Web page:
Sunday, January 22, 2006

Things were much better the rest of this week. Once I rested up my friends started taking me beyond the apartment to see some sights. Thursday we started with downtown Barcelona which is very much set up for pedestrians. A train will take you into the city from nearby towns like Sant Cougat where Philippe and Sandra live but it is always crowded so we don't expect to get seats. Once in the city I was very glad to have Sandra with me because she has learned quite a bit about the history so it was like having my own personal your guide. I was overloaded that day with historic building after historic building as well as all the shops, the market, the people, the language (Catalan not Spanish) and all the tiny little things that were pointed out to me like the gargoyles on the walls and the remains of an old Roman aqueduct.

Friday was the Catalan art gallery which is in a building that was built for the 1929 worlds fair. It is also the same area where they had the Olympic games. Near by is a little village that was also put together for the worlds fair. It was built to show all kinds of buildings from around Spain and now is used for artists shops and restaurants.

Yesterday we took a drive north into the mountains. The first stop was the ruins of an Iberian town that was dug up by archaeologists over the last few decades. They figure it was built around 500 BC. I really enjoyed it but I have noticed that almost none of the signs here are in English so I need a lot of translation.

After that we drove to a little town by the sea just below the French border where we had lunch. I am trying to be adventurous and eating new things and it was in this town that I was introduced to a dish called paella (I think). It is rice cooked with meat and seafood so I tried muscle, squid and crayfish for the first time. It's a good thing I am no longer a vegetarian.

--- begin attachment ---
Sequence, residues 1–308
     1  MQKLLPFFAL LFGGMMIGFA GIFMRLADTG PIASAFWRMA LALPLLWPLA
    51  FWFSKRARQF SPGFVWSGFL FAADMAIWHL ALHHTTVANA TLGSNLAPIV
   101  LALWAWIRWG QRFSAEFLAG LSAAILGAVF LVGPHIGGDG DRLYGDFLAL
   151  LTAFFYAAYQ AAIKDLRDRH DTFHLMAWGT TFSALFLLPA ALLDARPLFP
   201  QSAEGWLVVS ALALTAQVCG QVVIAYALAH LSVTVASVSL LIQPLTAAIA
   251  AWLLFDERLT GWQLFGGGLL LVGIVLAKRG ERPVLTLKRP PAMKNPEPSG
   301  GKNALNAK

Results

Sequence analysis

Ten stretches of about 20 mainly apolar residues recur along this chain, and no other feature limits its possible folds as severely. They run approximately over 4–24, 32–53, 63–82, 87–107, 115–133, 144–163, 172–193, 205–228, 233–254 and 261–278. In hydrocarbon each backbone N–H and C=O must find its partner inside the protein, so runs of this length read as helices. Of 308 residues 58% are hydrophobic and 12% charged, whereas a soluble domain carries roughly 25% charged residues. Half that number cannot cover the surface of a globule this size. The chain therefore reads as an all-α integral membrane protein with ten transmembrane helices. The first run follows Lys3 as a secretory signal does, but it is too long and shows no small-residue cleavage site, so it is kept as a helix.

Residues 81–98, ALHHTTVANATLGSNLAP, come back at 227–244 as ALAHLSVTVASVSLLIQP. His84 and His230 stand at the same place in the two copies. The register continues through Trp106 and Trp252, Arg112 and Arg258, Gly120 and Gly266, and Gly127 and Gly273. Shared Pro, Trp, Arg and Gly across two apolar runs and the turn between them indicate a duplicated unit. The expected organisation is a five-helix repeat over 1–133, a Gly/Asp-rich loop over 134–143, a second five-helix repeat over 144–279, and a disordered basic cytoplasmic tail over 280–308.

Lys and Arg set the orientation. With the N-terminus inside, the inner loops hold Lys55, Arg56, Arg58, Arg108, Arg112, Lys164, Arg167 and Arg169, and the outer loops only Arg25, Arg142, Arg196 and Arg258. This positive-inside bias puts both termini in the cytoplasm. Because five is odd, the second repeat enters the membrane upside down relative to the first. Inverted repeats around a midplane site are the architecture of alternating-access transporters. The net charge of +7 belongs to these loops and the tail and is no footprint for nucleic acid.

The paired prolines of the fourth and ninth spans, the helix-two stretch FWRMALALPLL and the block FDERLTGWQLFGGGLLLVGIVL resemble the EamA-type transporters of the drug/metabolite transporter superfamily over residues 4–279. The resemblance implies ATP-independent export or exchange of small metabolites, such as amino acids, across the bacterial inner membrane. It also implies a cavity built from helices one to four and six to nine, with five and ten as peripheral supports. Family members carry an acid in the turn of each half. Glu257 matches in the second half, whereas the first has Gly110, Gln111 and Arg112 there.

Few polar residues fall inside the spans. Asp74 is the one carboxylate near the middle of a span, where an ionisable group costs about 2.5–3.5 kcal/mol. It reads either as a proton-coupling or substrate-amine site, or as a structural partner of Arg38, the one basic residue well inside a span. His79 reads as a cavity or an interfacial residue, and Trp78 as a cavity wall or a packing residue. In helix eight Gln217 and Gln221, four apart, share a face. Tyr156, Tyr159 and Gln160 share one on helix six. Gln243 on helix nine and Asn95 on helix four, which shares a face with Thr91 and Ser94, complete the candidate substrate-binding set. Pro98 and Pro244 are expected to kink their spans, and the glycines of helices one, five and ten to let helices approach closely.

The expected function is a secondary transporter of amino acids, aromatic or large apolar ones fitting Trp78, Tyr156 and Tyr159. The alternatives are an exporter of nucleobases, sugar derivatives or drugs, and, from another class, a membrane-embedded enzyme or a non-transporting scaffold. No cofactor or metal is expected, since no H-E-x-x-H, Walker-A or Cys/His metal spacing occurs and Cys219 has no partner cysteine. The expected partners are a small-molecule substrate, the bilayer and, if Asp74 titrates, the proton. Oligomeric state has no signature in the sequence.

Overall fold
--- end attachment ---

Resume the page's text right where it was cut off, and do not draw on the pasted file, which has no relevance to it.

Above that town is a mountain with a little road winding up to the top. When the Christians were hiding from the Arabs back in the 900's the built a monastery up there called Sant Pere de Rodes. It is no longer in use but they have restored it for the public to visit so we spent the rest of the day there. This was definitely not the sort of thing I would see back home! It was huge and may as well have been a fortress with the thick stone walls. The inside of the church walls used to be painted with pictures of saints and Bible figures but they were getting ruined there so they have been removed but I had already seen what was left of them when I went to the art gallery.

This, being Sunday in a good Catholic country, was a day of rest. I think it would have been anyway. We needed a break.

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